UN Rights Chief 'Under Tremendous Pressure' Over Report on China's Uyghurs

UN Rights Chief 'Under Tremendous Pressure' Over Report on China's Uyghurs
The United Nations High Commissioner for Human Rights Michelle Bachelet attends her final news conference before the end of her mandate at the U.N. in Geneva on Aug. 25, 2022. (Pierre Albouy/Reuters)

GENEVA—The U.N. human rights chief says she is still aiming to release a long-anticipated report on the Chinese regime's treatment of its Uyghur minority in Xinjiang by the end of her four-year mandate this week, amid "tremendous pressure" from all sides.

But the lack of a firm commitment by former Chilean President Michelle Bachelet in her final press conference on Aug. 25 stoked further criticism from civil society groups who have accused her of being too soft on China since a May visit.

The report has been in the works for three years and promised for months but has not been published for unclear reasons.

"We are trying very hard to do what I promised," Bachelet said, referring to a pledge to release the report before the end of her term on Aug. 31.

Asked to elaborate on why it has not been released, Bachelet said she needed time to integrate new information from her visit and to review input on the report's contents from China.

Rights groups say the Chinese Communist Party (CCP) is committing abuses against Uyghurs, a mainly Muslim ethnic minority that numbers around 10 million in the western region of Xinjiang, including the mass use of forced labor in internment camps. The United States has accused the CCP of genocide.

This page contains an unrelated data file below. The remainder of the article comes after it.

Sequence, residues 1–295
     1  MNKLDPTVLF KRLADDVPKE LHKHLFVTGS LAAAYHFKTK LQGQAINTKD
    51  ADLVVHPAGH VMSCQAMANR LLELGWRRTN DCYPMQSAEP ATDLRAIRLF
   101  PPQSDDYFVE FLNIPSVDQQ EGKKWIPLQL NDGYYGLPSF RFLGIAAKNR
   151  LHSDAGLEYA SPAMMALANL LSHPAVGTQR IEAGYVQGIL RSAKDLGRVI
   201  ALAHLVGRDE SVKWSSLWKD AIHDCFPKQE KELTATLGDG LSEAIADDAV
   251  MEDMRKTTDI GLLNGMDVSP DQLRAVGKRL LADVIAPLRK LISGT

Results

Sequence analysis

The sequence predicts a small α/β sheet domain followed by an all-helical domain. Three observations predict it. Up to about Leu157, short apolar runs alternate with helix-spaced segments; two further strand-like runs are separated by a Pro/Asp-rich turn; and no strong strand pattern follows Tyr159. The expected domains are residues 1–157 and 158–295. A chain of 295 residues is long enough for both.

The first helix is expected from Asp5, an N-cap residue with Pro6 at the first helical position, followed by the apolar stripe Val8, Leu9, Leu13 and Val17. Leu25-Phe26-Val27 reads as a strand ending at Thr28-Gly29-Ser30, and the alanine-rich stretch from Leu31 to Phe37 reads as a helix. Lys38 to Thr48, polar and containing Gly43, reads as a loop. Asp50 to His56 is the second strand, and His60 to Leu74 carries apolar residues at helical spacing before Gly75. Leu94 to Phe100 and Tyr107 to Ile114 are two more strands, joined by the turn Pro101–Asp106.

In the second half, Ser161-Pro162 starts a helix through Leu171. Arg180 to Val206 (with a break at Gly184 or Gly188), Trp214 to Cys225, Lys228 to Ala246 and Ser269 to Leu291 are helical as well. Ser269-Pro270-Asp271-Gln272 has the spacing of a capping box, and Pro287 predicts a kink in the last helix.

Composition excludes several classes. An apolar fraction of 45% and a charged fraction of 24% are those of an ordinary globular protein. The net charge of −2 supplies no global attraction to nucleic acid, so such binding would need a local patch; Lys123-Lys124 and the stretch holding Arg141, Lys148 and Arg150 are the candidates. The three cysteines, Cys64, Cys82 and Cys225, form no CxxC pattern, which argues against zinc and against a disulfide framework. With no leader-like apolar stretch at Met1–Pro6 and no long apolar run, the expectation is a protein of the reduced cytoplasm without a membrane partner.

Sophie Richardson, China director of Human Rights Watch, said Bachelet's response was "woefully inadequate" given the scale of abuses. Michele Taylor, U.S. ambassador on human rights in Geneva, called for the report's release, saying "the world deserves an independent and honest account" of the situation.

'Under Tremendous Pressure'

Reuters reported last month that the CCP had asked Bachelet to bury the report, according to a Chinese letter that was confirmed by diplomats.

Bachelet confirmed on Aug. 25 that she received that letter, which she said was signed by about 40 other states, adding that her office wouldn't respond to such pressure.

"I have been under tremendous pressure to publish or not to publish but I will not publish or withhold publication due to any such pressure," she said.

While it is normal practice for Bachelet's office to share an unpublished report with the concerned country, rights groups worry this gives the CCP the scope to shape its contents.

"Our concern is that the longer the report is not released, the more likely it could be whitewashed," said Renee Xia, director of the Network of Chinese Human Rights Defenders.

In her closing speech, Bachelet also called on Russian President Vladimir Putin to halt the attack against Ukraine.

Bachelet, 70, plans to return to Chile to retire. Many candidates have applied for the job, but no successor has yet been named by Secretary-General António Guterres whose choice must then be approved by the General Assembly in New York.